But read that last paragraph again. You can't read that description of Meg and not think of it every time you either are or aren't doing any of the things she does in that sentence, every time you have to have to carry a bag and use your phone, every time you have to open a door and use your phone, every time you don't have to use your phone while walking down the street but you do it anyways, because you can, and the fact that you can now means that you have to.
I think about it every time I cover a new gadget and companies start touting its hands-free features, how it's added a new voice interface, how its new keyboard algorithm makes it easier to correct for typos. People didn't use to market that sort of thing. But companies started to notice it was one of the things their customers liked best.
I also thought about it when I read these tweets Meg wrote, just yesterday and this morning, about how the newer iPhone's longer screen borks its one-handed functionality.
I have enormous man-hands, and I still think that the trend toward enormous screen sizes on smartphones stinks. Not only is it harder to use a phone with one hand, it's harder to fit a phone in a pants pocket, and a long, thin phone is more likely to tip over and get knocked off a table or shelf.
Markets are gonna market, and specs are gonna spec, but it often feels like companies are forgetting that computers are for people, first. And people have bodies, those bodies have limitations, and all of us have limitations in specific situations.
We're all disabled sometimes. If I turn off the lights in your room, you can't see. If I fill the room with enough noise, you can't hear. If your hands are full, you can't use them to do anything else.
But as Sara Hendren writes, "all technology is assistive technology." When it's working right, technology helps people of every ability overcome these limitations. It doesn't throw us back into the world of assumptions that expects us all to be fully capable all of the time.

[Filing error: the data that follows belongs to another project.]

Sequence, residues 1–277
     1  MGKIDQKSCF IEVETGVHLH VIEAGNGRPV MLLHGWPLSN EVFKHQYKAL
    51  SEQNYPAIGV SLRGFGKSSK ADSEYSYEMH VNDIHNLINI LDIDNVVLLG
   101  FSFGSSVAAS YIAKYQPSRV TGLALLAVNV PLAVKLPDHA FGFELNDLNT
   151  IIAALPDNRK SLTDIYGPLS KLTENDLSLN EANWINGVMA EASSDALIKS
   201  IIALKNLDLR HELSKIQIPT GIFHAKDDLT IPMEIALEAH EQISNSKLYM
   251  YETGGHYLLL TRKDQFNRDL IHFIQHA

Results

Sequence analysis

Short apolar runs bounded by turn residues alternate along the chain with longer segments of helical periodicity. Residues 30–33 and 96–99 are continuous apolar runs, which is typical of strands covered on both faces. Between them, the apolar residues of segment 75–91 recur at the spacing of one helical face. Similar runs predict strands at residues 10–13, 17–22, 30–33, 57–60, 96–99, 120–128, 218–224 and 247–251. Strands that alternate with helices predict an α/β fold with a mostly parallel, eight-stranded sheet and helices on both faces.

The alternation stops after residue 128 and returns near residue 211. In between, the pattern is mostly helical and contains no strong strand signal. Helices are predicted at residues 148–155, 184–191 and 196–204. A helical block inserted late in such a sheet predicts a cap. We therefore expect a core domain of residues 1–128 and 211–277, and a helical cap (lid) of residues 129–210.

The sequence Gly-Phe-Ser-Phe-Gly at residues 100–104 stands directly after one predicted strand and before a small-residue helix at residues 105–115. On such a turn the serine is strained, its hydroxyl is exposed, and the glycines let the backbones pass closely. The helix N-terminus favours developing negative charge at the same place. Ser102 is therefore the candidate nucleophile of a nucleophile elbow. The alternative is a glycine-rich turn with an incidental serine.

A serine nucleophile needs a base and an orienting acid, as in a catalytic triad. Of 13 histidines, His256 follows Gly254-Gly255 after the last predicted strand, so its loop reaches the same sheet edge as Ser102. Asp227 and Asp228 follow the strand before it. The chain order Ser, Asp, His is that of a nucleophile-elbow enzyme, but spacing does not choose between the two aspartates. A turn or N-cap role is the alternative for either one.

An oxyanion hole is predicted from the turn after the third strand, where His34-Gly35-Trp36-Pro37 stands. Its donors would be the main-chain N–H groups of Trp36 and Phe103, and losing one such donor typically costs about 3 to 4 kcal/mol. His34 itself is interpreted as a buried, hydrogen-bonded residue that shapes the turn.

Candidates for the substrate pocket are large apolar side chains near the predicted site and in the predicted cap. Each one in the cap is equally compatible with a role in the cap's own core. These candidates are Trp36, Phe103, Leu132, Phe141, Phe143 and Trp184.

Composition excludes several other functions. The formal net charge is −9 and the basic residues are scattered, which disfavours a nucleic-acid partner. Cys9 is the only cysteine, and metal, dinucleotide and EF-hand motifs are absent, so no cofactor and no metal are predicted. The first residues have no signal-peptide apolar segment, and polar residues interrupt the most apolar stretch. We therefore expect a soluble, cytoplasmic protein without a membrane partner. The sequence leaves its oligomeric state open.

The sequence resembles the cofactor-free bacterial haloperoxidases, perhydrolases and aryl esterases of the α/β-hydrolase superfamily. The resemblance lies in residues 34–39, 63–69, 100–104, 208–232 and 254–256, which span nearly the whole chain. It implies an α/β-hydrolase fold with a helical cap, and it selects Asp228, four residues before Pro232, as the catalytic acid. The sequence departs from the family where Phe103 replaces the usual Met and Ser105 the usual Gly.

That's not what good technology does. That's not what good design does. That's what assholes do.
I think often about Jason's post on one-handed computing because I'm in the story. He wrote it for his wife, and he wrote it for me. I'd badly broken my right arm in an accident, snapping my radius in half and shooting it out of my body. Emergency room doctors stabilized my arm, then surgeons took the fibula from the left leg and used it to create a graft to replace my missing arm bone.
I'd broken my right leg, too, and sustained a concussion. With both legs unstable, I was stuck in a bed most days, and even when I could start putting weight on my left leg again, I couldn't climb in or out of bed to get into a wheelchair without help. I'm over six feet tall and I weigh about 300 pounds, so most nurses and orderlies were out of luck helping me. I couldn't type. I couldn't use the bathroom. I had hallucinations from the pain medicine. I was extremely fucked up.
Another victim of the accident was my Blackberry, my first-ever smartphone, which I bought just before I finally got my PhD. (I revealed this once in a 2010 post for Wired. Commenters called for my head, saying anyone whose first smartphone was bought in 2009 had no business writing for a gadget blog. "I'm sorry," I told them. "I spent my twenties learning things, not buying things.")
After I was discharged from the hospital, I spent money I didn't have to get an iPhone 3G, which was my phone for the next three years. It was mailed to me at the rehab institute where I learned how to walk again. And it changed everything for me. Even with my left hand, I could tweet, send emails, browse the web. I could even read books again -- even print books weren't as easy as the iPhone.
And then I read Jason's post about one-handed computing. And I thought and thought and thought.
I started blogging again. I even started my own community blog about the future of reading. The next year, that led to some articles for Alexis Madrigal at The Atlantic.
I was back home by then. My injuries had cost me my postdoctoral fellowship and a second crack at the academic job market. But I was able to audition for and win an entry-level job writing for Wired the same week that I did my first stint guest-hosting for Kottke.